The idea of spinning off the real estate assets worked great in a bubble real estate market but its a lousy idea in a declining asset market --- the opposite of buying assets when they are cheap. Another open question is whether Target's woes -- the company has lagged other discount retailers -- are self inflicted or secular. Arch-rival Wal-Mart has mainly seen sales growth in groceries, an area where Target lags far behind. Target has begun to turn its credit card portfolio around, according to company CEO Greg Steinhafel. Not that this makes Target a screaming buy. After all, Ackman has lost several billions (estimated) on Target through one of his hedge funds that only held Target shares and scarfed up options to maximize leverage -- options that have come back to bite Ackman as they have expired.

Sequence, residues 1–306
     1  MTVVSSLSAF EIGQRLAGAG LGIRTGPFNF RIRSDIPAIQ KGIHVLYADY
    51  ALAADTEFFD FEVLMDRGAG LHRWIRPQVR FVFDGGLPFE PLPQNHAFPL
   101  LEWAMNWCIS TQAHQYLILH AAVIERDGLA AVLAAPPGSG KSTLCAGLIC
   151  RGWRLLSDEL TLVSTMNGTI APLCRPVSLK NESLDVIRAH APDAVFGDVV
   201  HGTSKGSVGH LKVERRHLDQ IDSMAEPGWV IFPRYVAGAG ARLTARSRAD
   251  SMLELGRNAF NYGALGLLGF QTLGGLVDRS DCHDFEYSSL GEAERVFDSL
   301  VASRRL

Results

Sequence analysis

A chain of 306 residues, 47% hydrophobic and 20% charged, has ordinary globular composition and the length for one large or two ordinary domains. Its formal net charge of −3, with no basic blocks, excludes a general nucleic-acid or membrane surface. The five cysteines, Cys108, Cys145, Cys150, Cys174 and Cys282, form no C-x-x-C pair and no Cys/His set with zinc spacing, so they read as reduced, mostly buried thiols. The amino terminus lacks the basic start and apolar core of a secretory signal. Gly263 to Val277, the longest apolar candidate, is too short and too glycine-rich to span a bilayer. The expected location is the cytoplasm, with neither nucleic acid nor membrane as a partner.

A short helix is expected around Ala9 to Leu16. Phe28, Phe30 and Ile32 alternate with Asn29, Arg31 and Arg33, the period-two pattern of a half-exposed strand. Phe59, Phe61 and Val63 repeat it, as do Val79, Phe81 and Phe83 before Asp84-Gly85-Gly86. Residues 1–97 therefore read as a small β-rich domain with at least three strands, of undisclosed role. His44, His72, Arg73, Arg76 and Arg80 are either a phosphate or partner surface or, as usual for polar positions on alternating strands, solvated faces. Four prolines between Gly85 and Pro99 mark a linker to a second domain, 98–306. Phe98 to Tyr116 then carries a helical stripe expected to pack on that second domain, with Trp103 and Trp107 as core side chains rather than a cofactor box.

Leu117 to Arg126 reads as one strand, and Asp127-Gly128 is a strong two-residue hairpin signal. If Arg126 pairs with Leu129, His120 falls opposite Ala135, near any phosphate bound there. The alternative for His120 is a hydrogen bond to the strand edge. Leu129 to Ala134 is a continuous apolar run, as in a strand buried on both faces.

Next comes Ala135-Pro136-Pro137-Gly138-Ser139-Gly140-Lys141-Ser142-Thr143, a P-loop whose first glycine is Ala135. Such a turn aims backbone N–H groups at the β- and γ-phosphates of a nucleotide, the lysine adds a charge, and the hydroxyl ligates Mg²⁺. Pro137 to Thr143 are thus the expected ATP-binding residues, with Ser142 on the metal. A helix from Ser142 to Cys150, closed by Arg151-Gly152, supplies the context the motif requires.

All of this said, Target's shares will likely rebound nicely with the economy. The merchandise remains high quality. Management is smart. The brand is relatively unsullied and upscale downscale will continue to appeal as American's spend less and save more. So Ackman might get some relief but it won't be by convincing Target management to sell off commercial real estate into the teeth of a rapidly declining market.
Alex Salkever is Director of Research at Piqqem.com, a stock analysis community leveraged to the Wisdom of Crowds.